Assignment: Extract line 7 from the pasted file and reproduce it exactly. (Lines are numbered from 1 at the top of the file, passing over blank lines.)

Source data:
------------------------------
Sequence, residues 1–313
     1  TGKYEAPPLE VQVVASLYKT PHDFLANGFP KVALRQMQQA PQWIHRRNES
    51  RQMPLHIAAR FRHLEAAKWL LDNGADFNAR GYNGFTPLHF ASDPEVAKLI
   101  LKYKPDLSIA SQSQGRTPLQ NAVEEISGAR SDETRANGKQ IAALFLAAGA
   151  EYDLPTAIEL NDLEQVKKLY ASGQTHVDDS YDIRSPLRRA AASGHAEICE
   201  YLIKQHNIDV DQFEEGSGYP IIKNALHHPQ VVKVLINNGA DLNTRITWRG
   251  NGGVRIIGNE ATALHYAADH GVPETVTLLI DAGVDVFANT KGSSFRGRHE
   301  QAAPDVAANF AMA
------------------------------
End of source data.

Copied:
   251  NGGVRIIGNE ATALHYAADH GVPETVTLLI DAGVDVFANT KGSSFRGRHE